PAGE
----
The status of the drawdown of Lake Weyauwega will be the subject of a July 12 meeting.
The meeting is scheduled to begin at 6 p.m. Thursday, July 12, in the lower level meeting room of the Weyauwega Public Library.
During the meeting, which is open to the public, Weyauwega Lake Restoration will discuss the effects of the current drawdown and the possibility of extending it until April 1, 2013.
Lake and river residents, as well as the general public, are invited.
"The longer the system is left to be natural and flow through, the better it’s going to be. I told the lake association the permit is until the fall. On Sept. 1, we’re supposed to start bringing it back up. If they decide they want to keep it down until next spring, they would need to amend the permit. Then there would be the opportunity for a deep frost.
"We told them it is completely up to them and that we would support them either way," said Scott Koehnke, who is a water management specialist in the Wisconsin Department of Natural Resources’ Shawano office.
When the drawdown began on June 17, 2011, plans called for the lake to be down for a year, followed by a long-term maintenance plan.
North American Hydro, of Neshkoro, in collaboration with Weyauwega Lake Restoration, applied for the permit for the drawdown.
The permit was approved by the DNR and the Federal Energy Regulatory Commission.
FERC regulates hydro dams across the country, and the Weyauwega dam is one of them that it regulates.
North American Hydro generates electric power by using the dam and had to suspend its operation during the drawdown.
Of the estimated $68,000 cost of the drawdown, most of it is to reimburse North American Hydro for its loss of income during the drawdown.
Bob Van Epps, a member of Weyauwega Lake Restoration, met with North American Hydro on June 19 to discuss the possibility of keeping the lake down until April 1.
If Lake Weyauwega is kept down until next spring, the lake group will need to find out North American Hydro’s loss of income for that period of time.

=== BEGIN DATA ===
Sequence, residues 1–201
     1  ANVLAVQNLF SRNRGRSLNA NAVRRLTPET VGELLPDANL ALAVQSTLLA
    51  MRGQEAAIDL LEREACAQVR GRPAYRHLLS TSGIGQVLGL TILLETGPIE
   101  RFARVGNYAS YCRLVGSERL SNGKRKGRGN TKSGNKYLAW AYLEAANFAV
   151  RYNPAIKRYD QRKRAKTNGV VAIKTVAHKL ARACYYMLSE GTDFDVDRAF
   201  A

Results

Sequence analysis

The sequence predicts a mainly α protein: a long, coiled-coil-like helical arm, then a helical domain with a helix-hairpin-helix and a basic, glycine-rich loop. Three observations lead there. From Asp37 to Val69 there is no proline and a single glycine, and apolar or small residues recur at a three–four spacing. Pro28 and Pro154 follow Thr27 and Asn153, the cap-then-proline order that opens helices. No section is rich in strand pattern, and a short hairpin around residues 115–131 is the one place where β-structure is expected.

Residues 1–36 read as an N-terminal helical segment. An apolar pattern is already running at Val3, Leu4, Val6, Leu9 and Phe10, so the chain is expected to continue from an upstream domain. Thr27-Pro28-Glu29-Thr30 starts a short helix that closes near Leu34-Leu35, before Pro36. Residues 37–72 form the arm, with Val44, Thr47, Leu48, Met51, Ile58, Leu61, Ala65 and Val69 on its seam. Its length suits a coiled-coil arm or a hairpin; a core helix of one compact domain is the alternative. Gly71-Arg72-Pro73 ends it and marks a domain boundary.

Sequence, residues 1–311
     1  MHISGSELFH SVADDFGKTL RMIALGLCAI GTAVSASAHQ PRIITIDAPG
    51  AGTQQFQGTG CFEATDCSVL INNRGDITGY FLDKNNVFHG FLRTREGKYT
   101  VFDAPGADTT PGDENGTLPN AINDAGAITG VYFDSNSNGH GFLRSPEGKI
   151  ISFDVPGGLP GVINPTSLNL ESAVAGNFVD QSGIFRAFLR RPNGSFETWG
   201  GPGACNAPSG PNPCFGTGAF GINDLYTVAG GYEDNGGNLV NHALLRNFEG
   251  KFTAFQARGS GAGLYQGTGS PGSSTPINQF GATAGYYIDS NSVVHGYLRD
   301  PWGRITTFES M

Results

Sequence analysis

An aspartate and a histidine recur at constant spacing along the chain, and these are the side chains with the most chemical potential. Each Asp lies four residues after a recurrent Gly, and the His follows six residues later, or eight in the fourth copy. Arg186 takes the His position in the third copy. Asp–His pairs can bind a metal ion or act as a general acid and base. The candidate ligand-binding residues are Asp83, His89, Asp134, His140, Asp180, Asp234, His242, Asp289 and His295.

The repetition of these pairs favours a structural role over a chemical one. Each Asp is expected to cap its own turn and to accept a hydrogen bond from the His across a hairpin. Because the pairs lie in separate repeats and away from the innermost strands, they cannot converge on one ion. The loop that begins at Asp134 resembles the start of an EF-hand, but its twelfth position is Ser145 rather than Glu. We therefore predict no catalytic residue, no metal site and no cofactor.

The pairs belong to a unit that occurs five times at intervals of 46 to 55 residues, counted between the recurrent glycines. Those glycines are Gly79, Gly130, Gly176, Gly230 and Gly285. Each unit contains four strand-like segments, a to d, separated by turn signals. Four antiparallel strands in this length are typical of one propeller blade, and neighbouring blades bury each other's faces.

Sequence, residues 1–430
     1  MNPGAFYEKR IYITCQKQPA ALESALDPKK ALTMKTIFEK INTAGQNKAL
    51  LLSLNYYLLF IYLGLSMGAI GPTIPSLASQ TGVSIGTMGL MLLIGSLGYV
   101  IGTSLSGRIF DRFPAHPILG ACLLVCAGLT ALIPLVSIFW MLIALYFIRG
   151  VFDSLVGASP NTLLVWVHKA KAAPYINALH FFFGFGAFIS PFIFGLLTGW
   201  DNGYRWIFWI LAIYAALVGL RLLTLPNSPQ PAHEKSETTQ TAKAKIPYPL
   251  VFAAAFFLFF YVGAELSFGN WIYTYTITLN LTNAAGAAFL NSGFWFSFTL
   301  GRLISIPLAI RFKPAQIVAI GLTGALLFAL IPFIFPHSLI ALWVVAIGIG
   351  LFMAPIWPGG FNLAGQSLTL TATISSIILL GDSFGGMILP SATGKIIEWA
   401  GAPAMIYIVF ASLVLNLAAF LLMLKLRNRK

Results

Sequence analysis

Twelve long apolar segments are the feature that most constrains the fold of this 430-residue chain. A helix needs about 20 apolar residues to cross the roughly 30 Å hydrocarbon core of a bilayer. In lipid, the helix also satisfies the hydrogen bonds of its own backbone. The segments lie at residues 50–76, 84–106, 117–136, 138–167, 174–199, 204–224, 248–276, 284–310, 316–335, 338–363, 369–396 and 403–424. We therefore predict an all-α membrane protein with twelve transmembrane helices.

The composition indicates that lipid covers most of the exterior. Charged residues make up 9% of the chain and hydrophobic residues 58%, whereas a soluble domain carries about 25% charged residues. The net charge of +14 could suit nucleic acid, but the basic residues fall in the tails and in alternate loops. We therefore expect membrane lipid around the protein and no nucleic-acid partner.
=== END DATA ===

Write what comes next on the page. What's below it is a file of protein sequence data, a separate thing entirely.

Weyauwega Lake Restoration raises funds in various ways, including through raffles. The drawing for the latest raffle will be on on Sunday, Aug. 12.
A total of 500 tickets are being sold, with the top prize being $10,000, Van Epps said.
"We’re hoping the raffle will be a success," he said. "Tickets are still available."
As the lake group works to raise funds, DNR officials watch what is happening in the lake.
Last month, Koehnke was joined by Al Niebur and Ted Johnson in taking a canoe ride through the area to get an idea of how the drawdown is progressing. They went from Reek Road to River Road.
"Dirty water is coming in at or above Reek Road," Koehnke said. "The water coming into the millpoind is also dirty."
He said the river has done an excellent job of cutting channels and that downstream of the dam, they noticed nice sandbars and quiet bays.
Koehnke heard some property owners were concerned about the water quality. "One thing that was critical," he said, "is everything in the middle of the channel, where the river is flowing, everything was clean."
The river is recreating what it is supposed to be, he said.
Dirty water continues to go downstream as material flushes through the system.
"There’s lots of flowering rush out there. It’s an invasive species," Koehnke said.
The likelihood, he explained, is that the plant was always there.
"It didn’t just come in overnight. It’s always been there," he said. "It shifted from an aquatic to a wetland. It is holding sediment in place."
The DNR officials believe that once the water is back up, the plant will return to being aquatic.
"It’s not feasible or cost effective to treat," Koehnke said. "There are probably 150 acres of flowering rush. It’s everywhere."
He said that overall, he pleasantly surprised by what they saw downstream.
"I understand the concerns about water clarity. You have to have sediment and nutrient being carried downstream. The opening of the dam has allowed the process which hadn’t been able to happen since the last time (the lake was down)," Koehnke said.
Koehnke and Johnson also went out last fall to see how things were progressing.
During their most recent visit, they noticed more compaction and multiple channels going through the lake, which is why there is so much sediment going through, Koehnke said.
With last winter being a warm one with not a lot of snowfall, they did not get the frost penetration on the lake they wanted, which is why there is now consideration to keep the lake down through another winter.
This summer’s heat is definitely maximizing the compaction benefit, though, he said.
During their canoe trip, they saw fish and turtles, and Koehnke asks people to be patient during this process.
"Every season is going to change. You’re going to have positive things and negative things that happen with each change," he said. "There is a lag time between major events. The system has to find its equilibrium again."
People should not rush to make judgments.
"Right now, things look very good," Koehnke said. "We are still in the middle of it. I’m cautiously optimistic that we’re going to see some good results out of it."
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